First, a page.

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In my assignment I am provided with a recording of a radio signal that was supposedly done in the AM spectrum with a USRP, and I am told to process it in various ways with GNURadio. However, the assignment makes a statement about the recorded signal that I have slight difficulty understanding.

The assignment says that the signal was recorded with the USRP set to 710 kHz, yet it also says that the recording was sampled at 256 kHz, and that the 0 kHz component of the recording actually corresponds to 710 kHz in the original signal.

My understanding is that the only way for this to be the case is that the signal was recorded with a frequency well above 710 kHz, then the frequencies were translated so that the 710 kHz component was shifted to 0 kHz, and finally sampled at 256 kHz. Is my understanding correct?

In relation to that, what does it mean for a USRP to be set to a particular frequency, if the recorded signal seems to contain frequencies several tens of kHz above and below that frequency?

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  • $\begingroup$ Your understanding is generally right. When you say that the receiver is "set" to a particular frequency $f_c$, that normally means that $f_c$ would appear in the center of the spectrum (that is, at DC). Exactly how it got there can vary; sometimes an analog tuning step is involved, sometimes the signal is just sampled at a much higher rate and the tuning/decimation is done digitally. $\endgroup$
    – Jason R
    Sep 2, 2021 at 16:08
  • $\begingroup$ @JasonR Thanks. I'd give you an upvote, but I can't do it yet. $\endgroup$
    – Cosinux
    Sep 2, 2021 at 17:51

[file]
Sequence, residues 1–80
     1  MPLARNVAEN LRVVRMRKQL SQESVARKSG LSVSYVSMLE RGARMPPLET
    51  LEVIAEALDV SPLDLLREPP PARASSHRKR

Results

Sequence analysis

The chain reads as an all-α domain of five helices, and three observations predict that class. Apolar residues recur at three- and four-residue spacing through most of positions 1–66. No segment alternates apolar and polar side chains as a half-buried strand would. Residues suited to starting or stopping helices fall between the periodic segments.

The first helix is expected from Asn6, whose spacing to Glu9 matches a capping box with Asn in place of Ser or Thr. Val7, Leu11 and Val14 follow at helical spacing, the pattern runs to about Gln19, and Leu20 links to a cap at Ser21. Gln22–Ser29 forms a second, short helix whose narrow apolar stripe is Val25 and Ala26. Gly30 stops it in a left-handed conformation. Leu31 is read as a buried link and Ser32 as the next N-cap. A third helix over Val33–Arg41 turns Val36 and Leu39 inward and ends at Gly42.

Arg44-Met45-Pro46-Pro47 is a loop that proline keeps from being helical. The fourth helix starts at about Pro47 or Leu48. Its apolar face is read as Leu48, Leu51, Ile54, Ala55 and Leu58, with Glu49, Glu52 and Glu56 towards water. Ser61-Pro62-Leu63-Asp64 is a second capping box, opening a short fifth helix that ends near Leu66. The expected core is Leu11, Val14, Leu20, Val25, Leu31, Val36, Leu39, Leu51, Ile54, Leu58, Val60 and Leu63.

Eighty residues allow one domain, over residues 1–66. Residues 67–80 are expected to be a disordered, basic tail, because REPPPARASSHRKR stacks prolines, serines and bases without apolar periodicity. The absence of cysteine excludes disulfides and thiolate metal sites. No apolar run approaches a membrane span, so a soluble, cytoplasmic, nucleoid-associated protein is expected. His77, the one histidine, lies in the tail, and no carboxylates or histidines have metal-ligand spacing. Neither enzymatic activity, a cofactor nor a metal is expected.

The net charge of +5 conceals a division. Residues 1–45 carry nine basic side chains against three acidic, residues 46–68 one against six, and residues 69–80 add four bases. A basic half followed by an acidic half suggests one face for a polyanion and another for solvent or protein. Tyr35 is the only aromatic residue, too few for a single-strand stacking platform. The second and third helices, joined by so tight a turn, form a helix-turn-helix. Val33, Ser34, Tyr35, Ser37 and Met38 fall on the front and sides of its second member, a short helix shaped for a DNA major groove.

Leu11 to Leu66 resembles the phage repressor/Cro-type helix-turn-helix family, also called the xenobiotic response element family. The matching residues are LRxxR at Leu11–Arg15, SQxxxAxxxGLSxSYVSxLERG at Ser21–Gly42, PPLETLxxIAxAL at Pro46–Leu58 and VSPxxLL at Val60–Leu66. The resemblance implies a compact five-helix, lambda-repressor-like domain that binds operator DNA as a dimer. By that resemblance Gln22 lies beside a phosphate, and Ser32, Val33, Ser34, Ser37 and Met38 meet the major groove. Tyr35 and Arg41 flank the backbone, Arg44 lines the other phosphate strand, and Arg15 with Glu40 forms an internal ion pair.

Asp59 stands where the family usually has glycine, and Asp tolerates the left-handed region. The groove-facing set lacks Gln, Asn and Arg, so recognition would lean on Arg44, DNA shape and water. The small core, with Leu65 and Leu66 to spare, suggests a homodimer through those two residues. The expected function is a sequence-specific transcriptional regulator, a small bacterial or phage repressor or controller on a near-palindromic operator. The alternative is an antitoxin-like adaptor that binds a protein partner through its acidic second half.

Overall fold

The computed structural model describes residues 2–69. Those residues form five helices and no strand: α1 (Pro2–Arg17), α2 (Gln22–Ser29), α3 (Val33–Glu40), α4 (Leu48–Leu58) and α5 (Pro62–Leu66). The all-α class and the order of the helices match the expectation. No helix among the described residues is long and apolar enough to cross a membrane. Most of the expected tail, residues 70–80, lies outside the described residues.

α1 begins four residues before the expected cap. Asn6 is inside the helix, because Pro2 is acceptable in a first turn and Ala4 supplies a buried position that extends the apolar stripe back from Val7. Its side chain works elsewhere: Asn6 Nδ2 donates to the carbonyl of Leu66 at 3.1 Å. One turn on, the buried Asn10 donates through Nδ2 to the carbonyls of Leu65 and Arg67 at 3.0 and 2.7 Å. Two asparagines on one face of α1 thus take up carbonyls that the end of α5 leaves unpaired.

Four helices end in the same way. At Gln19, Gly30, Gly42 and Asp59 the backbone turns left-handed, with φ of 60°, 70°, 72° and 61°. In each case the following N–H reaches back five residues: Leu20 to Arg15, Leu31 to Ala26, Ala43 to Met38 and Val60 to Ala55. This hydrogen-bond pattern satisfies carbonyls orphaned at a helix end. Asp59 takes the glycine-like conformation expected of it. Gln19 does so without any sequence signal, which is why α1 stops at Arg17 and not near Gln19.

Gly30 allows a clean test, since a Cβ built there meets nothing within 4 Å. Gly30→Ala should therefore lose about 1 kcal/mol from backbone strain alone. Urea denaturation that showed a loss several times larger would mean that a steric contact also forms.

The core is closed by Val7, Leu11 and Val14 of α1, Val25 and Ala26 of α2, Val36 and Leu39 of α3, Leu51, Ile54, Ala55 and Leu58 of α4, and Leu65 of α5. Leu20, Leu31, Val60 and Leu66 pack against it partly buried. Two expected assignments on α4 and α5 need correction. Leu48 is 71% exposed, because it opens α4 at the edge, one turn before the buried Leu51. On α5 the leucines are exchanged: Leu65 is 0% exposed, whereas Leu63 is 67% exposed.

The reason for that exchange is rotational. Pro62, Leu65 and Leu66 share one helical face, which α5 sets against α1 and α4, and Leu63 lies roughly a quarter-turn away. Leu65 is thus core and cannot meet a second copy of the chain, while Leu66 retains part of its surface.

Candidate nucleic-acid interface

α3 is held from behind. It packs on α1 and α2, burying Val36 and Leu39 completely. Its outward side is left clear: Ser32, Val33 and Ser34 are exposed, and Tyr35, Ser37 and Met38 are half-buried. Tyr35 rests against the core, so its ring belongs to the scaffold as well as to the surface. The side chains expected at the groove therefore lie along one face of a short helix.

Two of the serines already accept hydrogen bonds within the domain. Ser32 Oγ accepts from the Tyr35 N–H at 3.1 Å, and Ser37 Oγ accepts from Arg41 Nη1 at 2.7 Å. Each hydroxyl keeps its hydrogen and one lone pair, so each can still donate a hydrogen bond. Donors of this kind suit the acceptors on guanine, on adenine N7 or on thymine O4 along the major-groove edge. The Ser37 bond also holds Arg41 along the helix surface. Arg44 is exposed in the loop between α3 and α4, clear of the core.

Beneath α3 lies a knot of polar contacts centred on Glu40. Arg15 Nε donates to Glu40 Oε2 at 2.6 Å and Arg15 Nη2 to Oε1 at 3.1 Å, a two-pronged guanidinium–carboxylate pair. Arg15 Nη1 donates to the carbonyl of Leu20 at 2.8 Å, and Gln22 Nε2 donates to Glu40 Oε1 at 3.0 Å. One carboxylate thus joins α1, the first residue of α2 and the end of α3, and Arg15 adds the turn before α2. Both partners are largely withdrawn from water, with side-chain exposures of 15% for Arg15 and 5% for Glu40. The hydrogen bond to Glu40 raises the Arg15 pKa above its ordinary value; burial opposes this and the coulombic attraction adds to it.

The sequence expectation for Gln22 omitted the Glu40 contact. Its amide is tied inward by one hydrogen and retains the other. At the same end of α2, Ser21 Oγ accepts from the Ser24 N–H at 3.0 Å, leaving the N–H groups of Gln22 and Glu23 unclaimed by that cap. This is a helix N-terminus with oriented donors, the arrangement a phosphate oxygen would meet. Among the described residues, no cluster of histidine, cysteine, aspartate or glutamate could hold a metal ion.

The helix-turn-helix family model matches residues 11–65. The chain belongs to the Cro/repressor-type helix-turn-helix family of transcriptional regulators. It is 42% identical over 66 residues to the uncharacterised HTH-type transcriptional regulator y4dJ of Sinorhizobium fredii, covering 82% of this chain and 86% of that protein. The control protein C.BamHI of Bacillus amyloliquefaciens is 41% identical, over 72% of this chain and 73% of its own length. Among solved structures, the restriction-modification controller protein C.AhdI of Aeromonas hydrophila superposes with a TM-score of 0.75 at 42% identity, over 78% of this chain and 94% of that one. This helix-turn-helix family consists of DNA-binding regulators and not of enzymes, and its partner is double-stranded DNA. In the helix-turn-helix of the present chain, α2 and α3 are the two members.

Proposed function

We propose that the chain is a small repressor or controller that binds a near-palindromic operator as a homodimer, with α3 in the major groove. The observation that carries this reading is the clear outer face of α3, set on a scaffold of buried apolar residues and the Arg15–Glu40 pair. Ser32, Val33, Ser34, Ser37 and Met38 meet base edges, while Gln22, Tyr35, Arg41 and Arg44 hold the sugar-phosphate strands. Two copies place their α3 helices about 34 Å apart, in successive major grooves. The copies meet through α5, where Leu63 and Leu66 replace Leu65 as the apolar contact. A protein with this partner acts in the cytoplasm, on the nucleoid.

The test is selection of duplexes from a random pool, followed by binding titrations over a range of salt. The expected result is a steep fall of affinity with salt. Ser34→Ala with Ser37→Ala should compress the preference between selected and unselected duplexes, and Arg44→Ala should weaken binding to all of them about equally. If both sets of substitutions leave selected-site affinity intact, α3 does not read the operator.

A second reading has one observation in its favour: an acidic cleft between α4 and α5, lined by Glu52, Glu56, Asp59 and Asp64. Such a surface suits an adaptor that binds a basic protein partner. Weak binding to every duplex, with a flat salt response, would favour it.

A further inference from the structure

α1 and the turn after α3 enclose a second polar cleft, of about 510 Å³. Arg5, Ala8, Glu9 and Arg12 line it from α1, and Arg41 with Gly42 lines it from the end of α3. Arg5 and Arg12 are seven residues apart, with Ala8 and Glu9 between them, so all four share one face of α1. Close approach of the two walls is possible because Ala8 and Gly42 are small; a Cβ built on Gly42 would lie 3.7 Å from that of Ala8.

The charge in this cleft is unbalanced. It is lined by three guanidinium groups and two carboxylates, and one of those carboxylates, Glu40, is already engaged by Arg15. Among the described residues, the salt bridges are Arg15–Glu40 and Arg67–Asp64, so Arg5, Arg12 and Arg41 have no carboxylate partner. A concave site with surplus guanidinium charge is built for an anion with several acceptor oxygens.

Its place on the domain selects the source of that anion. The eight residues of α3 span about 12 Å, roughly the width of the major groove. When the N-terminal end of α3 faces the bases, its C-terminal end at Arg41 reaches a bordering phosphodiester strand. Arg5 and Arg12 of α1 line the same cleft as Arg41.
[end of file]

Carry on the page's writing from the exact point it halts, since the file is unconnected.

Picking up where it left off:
• $\begingroup$ There's no USRP that actually supports a 256 kHz sampling rate without complaining (and rightfully so). $\endgroup$ Sep 2, 2021 at 22:29

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The USRP is taking a frequency band of width 256 kHz centered on 710 kHz, and downconverting it to baseband. Whatever is in that band will appear in the USRP output.

To be specific, the band that the USRP is capturing goes from 710-128 = 582 to 710+128 = 838 kHz.

Keep in mind that the band is 256 kHz wide (that is, equal to the sampling rate) because the USRP actually performs complex sampling.

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  • $\begingroup$ Is that last part the reason why the signal seems to be sampled at twice the frequency (AM sidebands are 10 kHz wide and the voice is slowed down by a factor of two when I demodulate it)? $\endgroup$
    – Cosinux
    Sep 2, 2021 at 17:50
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    $\begingroup$ Could be -- depends on how you process the signal. One easy thing to do with AM is to calculate the magnitude ("merging" two samples into one) and then doing envelope detection. $\endgroup$
    – MBaz
    Sep 2, 2021 at 18:39

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